Biography of Bishop Nykyta Budka Launched in Edmonton
Biography of Bishop Nykyta Budka Launched in Edmonton 13 November 2014—“Every community has an obligation to allow its past to challenge its present.” With these words, the Reverend Dr. Athanasius D. McVay introduced his newly published book, God’s Martyr, History’s Witness: Blessed Nykyta Budka, The First Ukrainian Catholic Bishop in Canada, to a gathering of more than a hundred people at St. Josaphat’s Ukrainian Catholic Cathedral in Edmonton, Canada, on 24 October 2014. “History,” the pioneer bishop
told his flock in his first formal message, “is the teacher of life.”
Father McVay went on to note that in 1965 the Second Vatican Council’s Declaration on the Church in the Modern World asserted that “man is defined, first of all, by his responsibility to his brothers and to history.” Much the same had already been expressed by Bishop Nykyta Budka (1877–1949) four decades earlier, said Father McVay. “My responsibility before God and history is very great,” was the bishop’s declaration about his mission in Canada.
Among other things, Father McVay continued, the biography “tells the story of a human being complete with virtues and imperfections, of great successes and of crushing failures.” In spite of it all, he said, Bishop Budka was successful in fulfilling the mission entrusted to him—to sustain the faith among his people.
Bishop Budka departed Canada in 1928, and after the annexation of western Ukraine to the USSR he was imprisoned by the Soviet authorities in 1945. He was deported to Kazakhstan in
Soviet Central Asia, where he died in 1949. In 2001, Pope Saint John Paul II beatified Budka as a martyr. But even from the grave, Father McVay affirmed, the Blessed Martyr’s figure and accomplishments
would continue to inspire people. On 27 June each year, the author observed, thirteen million Catholics across Canada “commemorate a life of dedicated service that culminated in the supreme testimony of a Christian martyr’s death.”
The book launch was held as part of the Canadian Institute of Ukrainian Studies’ seminar series and was emceed by Jars Balan, administrative coordinator of the Kule Ukrainian Canadian Studies
Centre (KUCSC) at CIUS. Dr. Volodymyr Kravchenko, director of CIUS, brought greetings from the institute. Videoed greetings from the Metropolitan Andrey Sheptytsky Institute of Eastern Christian Studies (MASI), co-publisher of the book and a co-sponsor of the event, were delivered by the Very Reverend Dr. Peter Galadza from Ottawa. Orest Eveneshen, president of the Bishop Budka Charitable Society (BBCS), explained the role of that organization in the biography project and paid tribute to the late John Koziak (founder of the organization named for Bishop Budka) and the late Bill Diachuk, who as president at the time enthusiastically agreed to
the group’s involvement.
The project advisor, Dr. Serge Cipko of KUCSC, who is also with the BBCS, drew attention to the acknowledgements page of the book, which lists contributing individuals and organizations. He mentioned the technical work performed by Ksenia Maryniak and the financial contributions made by individuals and groups besides the BBCS, such as the Ukrainian Canadian Foundation of Taras Shevchenko (Winnipeg) and the Stephen and Michelene Worobetz Foundation (Saskatoon). He also thanked the sponsors and organizers of the event.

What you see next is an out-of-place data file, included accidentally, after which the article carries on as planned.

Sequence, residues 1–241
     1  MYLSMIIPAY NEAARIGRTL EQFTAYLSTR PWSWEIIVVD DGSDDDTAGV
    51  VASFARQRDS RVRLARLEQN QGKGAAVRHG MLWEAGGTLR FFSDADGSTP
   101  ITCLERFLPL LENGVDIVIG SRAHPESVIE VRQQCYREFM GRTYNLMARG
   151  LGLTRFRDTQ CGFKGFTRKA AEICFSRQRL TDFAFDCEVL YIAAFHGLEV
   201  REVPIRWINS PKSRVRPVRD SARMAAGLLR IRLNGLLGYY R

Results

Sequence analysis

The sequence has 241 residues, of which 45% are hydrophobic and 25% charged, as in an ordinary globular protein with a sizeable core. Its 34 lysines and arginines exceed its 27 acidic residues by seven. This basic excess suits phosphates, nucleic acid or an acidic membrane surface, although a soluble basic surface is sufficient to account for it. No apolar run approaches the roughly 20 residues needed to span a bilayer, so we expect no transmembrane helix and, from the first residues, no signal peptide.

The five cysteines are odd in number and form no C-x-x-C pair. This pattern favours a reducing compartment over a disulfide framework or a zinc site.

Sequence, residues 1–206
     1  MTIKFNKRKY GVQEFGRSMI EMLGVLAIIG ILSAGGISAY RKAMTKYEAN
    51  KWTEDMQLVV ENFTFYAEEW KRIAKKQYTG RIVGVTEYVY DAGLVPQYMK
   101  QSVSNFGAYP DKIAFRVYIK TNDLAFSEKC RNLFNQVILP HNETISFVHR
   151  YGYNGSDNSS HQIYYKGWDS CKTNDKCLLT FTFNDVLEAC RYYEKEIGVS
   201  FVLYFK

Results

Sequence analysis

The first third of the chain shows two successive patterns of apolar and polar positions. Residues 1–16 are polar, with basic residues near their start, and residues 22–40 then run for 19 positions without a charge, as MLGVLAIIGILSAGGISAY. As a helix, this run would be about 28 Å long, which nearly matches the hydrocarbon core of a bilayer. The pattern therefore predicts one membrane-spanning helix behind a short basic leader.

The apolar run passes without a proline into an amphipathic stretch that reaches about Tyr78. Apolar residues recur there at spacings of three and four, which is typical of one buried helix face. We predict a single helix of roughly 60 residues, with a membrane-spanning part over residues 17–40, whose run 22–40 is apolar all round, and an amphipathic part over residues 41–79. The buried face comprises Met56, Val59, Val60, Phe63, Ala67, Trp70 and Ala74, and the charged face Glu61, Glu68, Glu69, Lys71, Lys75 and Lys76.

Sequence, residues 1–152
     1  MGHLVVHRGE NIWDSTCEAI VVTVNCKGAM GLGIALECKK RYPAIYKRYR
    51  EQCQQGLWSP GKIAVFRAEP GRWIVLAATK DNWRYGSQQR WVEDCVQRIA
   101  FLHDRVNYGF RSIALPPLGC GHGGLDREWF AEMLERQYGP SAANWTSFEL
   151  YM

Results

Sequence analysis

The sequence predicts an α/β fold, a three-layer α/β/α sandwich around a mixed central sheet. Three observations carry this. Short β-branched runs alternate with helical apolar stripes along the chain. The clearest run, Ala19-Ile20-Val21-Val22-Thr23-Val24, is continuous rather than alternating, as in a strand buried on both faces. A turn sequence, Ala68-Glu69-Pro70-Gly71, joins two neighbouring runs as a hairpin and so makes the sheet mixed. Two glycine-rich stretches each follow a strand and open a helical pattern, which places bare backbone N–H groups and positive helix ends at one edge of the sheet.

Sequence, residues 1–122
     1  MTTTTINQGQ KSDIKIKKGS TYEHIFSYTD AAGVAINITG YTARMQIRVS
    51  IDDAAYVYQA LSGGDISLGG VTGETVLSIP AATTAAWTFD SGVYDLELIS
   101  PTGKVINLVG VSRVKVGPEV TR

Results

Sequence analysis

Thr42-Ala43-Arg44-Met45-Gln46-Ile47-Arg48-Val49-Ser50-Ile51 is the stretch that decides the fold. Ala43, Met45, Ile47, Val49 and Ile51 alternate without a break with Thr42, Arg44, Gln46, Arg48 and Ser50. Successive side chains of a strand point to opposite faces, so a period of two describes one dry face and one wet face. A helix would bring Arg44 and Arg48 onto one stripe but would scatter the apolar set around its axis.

Concluding remarks were given by the Most Reverend David Motiuk, bishop of the Ukrainian Catholic Eparchy of Edmonton, co-publisher of the book with MASI. Bishop Motiuk, the initiator of the biography project, noted that Father Athanasius took on the research and writing with passion and was a great storyteller. He “weaved a beautiful tapestry of a human being who made a great contribution to the Church in Canada and beyond” and who sacrificed his life as a martyr for the faith. Bishop Motiuk stressed the work and dedication of Father McVay in bringing the study, a work of more than 600 pages, to fruition. He then provided examples from the book.
the Most Reverend David Motiuk, bishop of the Ukrainian
Catholic Eparchy of Edmonton
One of them concerned a meeting between Bishop Budka and Pope Saint Pius X, in which the future saint told the young bishop: “Your diocese is the largest in the whole world. But I rejoice in seeing you so young. You have a very broad territory, so you can fly. You cannot do everything, [so] do what you can.” The last sentence is a good mantra for each and every one of us to live by, said Bishop Motiuk.
Bishop Motiuk recalled that in his greetings, Father Galadza had wished Father Athanasius “Mnohiï libri” (Ukr.: many, and Latin: books) and noted that that wish was already on its way to
becoming true. Father Athanasius, announced Bishop Motiuk, has been asked by the Ukrainian Catholic bishops of Canada to write a biography of Metropolitan Andrei Sheptytsky, and beyond
that, another book on the history of the Church in Canada.
“Your people love the Most Blessed Virgin Mary,” Bishop Budka reported Pope Saint Pius X saying to him before he left Europe for Canada. After mentioning the Blessed Martyr’s role in the rebuilding of the Shrine of Mary, the Mother of God, in the Ukrainian village of Zarvanytsia, Bishop Motiuk closed the evening with the prayer “Bohorodytse Divo” (Hail Mary).
The book is available for $25.00 (plus postage) from the Ukrainian Catholic Eparchy of Edmonton